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WSV18-0226
CLINICAL PATHOLOGY
CASE STUDIES IN CYTOLOGY
M. Bera1
1Asia Veterinary Diagnostics, Diagnostic Division, Singapore, Singapore
CLINICAL PATHOLOGY: CASE STUDIES IN CYTOLOGY Dr Monali M Bera, DVM, MS, DACVP
Asia Veterinary Diagnostics
466 Serangoon Road, Singapore 218225 drmonalibera@vetdiagnosticcentre.com.hk
Can you identify those common tumors in the skin and subcutis? Do you feel a little overwhelmed when trying
to differentiate inflammation from certain tumors? And what makes mesothelial cells so confusing? Whether it comes to FNAs of common skin lumps and bumps and/or cells in body fluids, this seminar will focus on a series of case studies which will go through several common and some unique cases you may or may have not seen in your clinic. By the end of this seminar, you should leave feeling more comfortable differentiating inflammation from neoplasia and interpreting cells in body fluids (cavitary effusions, nasal, bladder, and prostatic washes), including those mysterious mesothelial cells.
Your Singapore, the Tropical Garden City
WSV18-0172
ISFM - FELINE CARDIOLOGY
WHICH CATS WITH ARTERIAL THROMBOEMBOLISM IS IT ETHICAL TO TREAT?
K. Borgeat1
1Langford Vets- University of Bristol, Cardiology, Bristol, United Kingdom
Arterial thromboembolism: what we know
Arterial thromboembolism (ATE) is a condition associated with high morbidity and mortality in cats, most commonly with an acute and distressing presentation. For clinical purposes, it is often defined as thromboembolism to
≥1 limb. In most cases, the thrombus originates in the
left side of the heart; feline ATE is most commonly associated with cardiomyopathy, although cardiac disease is not present in all affected cats. Although pulmonary thromboembolism also involves arterial occlusion, it usually is classified as a separate syndrome. Presenting signs of limb ATE are easily recognized.
Loss of peripheral pulses, tissue pallor, lower motor neuron signs and cool extremities in the presence of neuromuscular pain provide a highly suggestive clinical picture. Smith et al reported that 1/175 (0.6%) of their hospital feline population presented with ATE, a similar prevalence to 1/142 cats (0.7%) reported by Buchanan et al from a different centre, almost 40 years earlier. These data were obtained from cats treated in referral practice and do not necessarily represent the general feline population. Borgeat et al (2014) published findings in 250 cats with ATE in general practice, and prevalence was 0.26% - less than half that reported from referral centres.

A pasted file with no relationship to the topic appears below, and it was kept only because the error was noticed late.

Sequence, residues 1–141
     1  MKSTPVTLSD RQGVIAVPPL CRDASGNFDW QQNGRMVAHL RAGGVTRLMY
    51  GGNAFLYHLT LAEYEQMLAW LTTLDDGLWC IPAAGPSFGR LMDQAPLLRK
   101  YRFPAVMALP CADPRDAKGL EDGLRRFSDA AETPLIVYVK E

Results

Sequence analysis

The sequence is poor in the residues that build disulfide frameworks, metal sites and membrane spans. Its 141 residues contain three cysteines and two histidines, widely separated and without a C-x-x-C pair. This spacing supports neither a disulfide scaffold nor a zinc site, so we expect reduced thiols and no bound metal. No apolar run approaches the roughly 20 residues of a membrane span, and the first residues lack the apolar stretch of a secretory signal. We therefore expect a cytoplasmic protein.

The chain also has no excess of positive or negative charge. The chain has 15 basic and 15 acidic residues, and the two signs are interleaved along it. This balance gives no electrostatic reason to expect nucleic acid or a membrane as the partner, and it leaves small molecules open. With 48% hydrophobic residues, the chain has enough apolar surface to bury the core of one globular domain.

It is widely acknowledged that ATE has a poor prognosis, although no prospective studies have reported the outcome of cats presenting with a first episode of
acute clinical signs. Several retrospective studies suggest that euthanasia at presentation is common
and <50% patients survive to discharge. Smith et al reported that hypothermia, ≥2 affected limbs, absence of motor function, hyperphosphataemia and bradycardia were associated with a decreased rate of survival to discharge. Moore et al also reported that hypothermia and ≥2 affected limbs were associated with death or euthanasia before discharge. It has been suggested that cats in congestive heart failure (CHF) have a shorter survival time after discharge (Smith et al, 2003). Among cats discharged from the clinic, recurrence of ATE is common.
In first opinion clinics, rectal temperature is also vital to assess at presentation: lower rectal temperature was crucial in predicting death at 24h and before 7 days of an ATE episode (Borgeat et al, 2014). Interestingly, this retrospective study also reported that treatment with an anti-platelet agent (aspirin, clopidogrel, or both drugs)
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